9-Year-Old Registered Marks Cancelled in Opposition Proceeding Filed by AutoZone
Yes, trademark registrations can be cancelled.
Trademark registrations can actually be cancelled for a number of different reasons, and this article deals with one of those reasons in particular which was recently highlighted in a case involving AutoZone: cancellation due to an opposition proceeding filed by a pre-existing trademark owner.
AutoZone obtained its first registered trademark in 1988. Since that time, it has obtained thirteen (13) more federally registered marks for its AutoZone name alone, with its most recent registration being obtained in 2009. Not surprisingly, AutoZone’s trademark registrations cover, among other things, “retail automobile parts and accessories store services,” and “automotive repair services, namely, testing, repair, diagnosis and installation of automotive parts and accessories.”
Dent Zone’s Trademarks
Dent Zone is a provider of vehicle repair and maintenance services that has been in business since the mid-1990s, and it first obtained a federal registration for its trademark in 2002.
AutoZone’s Trademark Enforcement Efforts
In 2005,* AutoZone filed a proceeding with the USPTO’s Trademark Trial and Appeal Board (TTAB) seeking cancellation of Dent Zone’s trademarks on the grounds that they created a likelihood of confusion (the test for trademark infringement) with AutoZone’s pre-existing registered marks. While Dent Zone opposed AutoZone’s claims, its arguments were no match for AutoZone’s, and the TTAB ordered cancellation of Dent Zone’s three trademark registrations in due course.
Specifically, the TTAB held that the parties’ respective registered marks—despite their obvious differences—were sufficiently similar in commercial impression to raise the issue of likelihood of confusion. The fact that the products and services sold by both parties overlapped significantly was also a major factor. The TTAB discounted Dent Zone’s evidence of (i) numerous other “Zone” trademarks, and (ii) lack of actual confusion amongst consumers, and instead relied on the famousness of AutoZone’s trademarks to find that Dent Zone’s trademarks interfered with AutoZone’s exclusive trademark rights.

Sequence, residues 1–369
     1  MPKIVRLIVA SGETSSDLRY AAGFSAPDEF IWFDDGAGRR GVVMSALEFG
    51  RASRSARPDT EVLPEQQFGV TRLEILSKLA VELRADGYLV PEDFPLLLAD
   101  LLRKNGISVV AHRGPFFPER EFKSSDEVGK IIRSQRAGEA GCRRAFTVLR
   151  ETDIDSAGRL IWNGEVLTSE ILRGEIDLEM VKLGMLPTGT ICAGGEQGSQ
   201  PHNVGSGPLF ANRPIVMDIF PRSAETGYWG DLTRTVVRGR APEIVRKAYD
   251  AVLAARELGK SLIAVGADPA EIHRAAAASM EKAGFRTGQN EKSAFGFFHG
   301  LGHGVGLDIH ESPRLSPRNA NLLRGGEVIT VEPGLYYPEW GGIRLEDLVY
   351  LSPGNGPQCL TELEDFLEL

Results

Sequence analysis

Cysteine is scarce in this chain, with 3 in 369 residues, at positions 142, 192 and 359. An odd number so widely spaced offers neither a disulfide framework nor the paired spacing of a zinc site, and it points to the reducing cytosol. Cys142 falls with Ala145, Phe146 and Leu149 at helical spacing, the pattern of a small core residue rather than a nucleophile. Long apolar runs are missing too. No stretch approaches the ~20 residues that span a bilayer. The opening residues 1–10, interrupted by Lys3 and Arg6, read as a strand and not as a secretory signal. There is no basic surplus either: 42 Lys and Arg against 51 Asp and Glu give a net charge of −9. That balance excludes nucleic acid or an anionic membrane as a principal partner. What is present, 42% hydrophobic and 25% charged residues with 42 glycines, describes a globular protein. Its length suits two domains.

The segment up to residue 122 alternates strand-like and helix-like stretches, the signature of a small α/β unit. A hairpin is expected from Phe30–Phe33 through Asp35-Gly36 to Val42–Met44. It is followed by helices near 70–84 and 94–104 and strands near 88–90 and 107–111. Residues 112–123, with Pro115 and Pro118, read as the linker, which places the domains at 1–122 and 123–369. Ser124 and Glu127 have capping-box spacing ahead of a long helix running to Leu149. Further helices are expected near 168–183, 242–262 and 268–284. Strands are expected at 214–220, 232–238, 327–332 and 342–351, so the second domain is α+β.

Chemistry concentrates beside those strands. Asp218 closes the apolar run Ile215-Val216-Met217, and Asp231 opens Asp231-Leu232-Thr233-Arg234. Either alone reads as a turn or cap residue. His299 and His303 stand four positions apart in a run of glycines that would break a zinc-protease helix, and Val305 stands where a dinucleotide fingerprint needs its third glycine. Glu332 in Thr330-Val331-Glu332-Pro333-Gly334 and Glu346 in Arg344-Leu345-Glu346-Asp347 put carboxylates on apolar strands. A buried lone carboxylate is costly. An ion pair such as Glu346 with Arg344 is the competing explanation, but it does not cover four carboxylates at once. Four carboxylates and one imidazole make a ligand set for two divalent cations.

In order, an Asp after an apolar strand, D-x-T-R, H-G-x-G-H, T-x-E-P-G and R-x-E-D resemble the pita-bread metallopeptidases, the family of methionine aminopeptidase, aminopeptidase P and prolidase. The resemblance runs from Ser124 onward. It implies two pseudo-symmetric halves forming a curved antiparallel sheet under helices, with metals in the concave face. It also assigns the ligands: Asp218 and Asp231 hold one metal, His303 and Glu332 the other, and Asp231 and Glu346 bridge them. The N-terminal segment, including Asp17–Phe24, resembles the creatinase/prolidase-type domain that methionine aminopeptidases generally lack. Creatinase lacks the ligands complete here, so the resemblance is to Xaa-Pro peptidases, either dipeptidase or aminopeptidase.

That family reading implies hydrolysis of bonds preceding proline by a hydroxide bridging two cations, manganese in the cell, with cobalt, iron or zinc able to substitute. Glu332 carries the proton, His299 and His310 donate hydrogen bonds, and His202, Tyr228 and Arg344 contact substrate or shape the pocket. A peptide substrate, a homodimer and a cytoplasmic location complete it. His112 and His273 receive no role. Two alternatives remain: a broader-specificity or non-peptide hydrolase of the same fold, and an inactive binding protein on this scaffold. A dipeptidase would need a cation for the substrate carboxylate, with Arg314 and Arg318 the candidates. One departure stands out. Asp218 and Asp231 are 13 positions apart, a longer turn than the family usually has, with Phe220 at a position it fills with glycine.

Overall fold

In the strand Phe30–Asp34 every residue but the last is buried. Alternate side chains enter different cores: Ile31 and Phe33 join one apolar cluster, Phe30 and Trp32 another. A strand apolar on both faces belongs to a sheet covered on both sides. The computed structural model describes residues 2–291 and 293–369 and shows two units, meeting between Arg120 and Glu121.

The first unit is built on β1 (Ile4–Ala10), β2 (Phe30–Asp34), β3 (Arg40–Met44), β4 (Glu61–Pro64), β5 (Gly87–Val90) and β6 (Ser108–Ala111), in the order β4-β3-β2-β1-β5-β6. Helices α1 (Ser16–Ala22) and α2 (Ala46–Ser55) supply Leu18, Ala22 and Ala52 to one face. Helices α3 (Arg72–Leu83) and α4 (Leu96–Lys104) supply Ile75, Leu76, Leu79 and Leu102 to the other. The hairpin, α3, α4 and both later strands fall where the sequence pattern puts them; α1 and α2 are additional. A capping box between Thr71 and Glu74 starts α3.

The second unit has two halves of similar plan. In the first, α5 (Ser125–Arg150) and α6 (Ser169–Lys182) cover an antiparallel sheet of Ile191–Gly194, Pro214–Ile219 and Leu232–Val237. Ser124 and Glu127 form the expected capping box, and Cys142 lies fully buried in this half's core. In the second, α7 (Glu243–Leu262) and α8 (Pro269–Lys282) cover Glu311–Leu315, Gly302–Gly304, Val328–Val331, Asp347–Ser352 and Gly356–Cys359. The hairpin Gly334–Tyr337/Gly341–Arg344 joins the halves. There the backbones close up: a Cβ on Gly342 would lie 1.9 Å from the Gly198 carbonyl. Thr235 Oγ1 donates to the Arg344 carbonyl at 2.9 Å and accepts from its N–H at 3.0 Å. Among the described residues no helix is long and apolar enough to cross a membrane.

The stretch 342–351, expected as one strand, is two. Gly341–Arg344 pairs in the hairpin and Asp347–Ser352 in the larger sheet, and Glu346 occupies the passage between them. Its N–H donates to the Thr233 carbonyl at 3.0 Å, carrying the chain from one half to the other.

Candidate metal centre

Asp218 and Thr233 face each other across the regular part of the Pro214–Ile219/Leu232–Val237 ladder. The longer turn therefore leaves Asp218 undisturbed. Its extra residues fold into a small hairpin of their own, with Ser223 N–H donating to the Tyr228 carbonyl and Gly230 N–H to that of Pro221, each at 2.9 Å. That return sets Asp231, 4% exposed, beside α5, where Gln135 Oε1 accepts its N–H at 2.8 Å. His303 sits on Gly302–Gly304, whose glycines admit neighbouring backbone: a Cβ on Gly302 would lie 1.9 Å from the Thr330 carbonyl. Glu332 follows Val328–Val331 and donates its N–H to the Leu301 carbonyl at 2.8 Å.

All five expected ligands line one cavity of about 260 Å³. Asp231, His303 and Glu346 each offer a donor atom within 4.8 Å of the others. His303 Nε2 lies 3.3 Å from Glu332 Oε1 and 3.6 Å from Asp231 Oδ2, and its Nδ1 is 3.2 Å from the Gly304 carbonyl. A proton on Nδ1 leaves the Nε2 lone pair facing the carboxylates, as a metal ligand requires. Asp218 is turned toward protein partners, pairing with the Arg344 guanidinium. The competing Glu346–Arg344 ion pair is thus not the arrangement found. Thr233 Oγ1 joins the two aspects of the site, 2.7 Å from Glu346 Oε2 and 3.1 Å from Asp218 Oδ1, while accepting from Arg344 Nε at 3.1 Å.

This case should serve as an important lesson to trademark owners in the positions of both parties to the case.
For smaller companies like Dent Zone, it is critical to perform thorough clearance research and weigh the potential practical implications of selecting a trademark that could potentially be considered to interfere with a more famous trademark owner’s rights. As this case shows, even if you are able to squeeze a trademark registration application through, this does not guarantee that you will be safe in using your trademark.
For companies with famous trademarks like AutoZone, it is well worth the investment and effort to enforce your exclusive trademark rights. Whether though cease-and-desist demands, opposition proceedings, or cancellation proceedings, enforcing your trademark rights is the only way to maintain legal exclusivity. While the USPTO often denies registration applications for new trademarks on likelihood-of-confusion grounds, you cannot rely on the USPTO exclusively to keep tabs on new trademarks in the marketplace. An effective and efficient brand monitoring strategy is critical to maintaining the value of your trademarks.
*Why AutoZone waited until 2005 to file the action—and why AutoZone did not oppose Dent Zone’s trademark registration application while it was pending—is unclear.
Jeff Fabian assists business owners in protecting their brands so that they can stay focused on running their businesses. Visit www.fabianip.com for more information, and follow Jeff on Twitter @FabianOnIP.
Or, to join our mailing list, please complete the form below.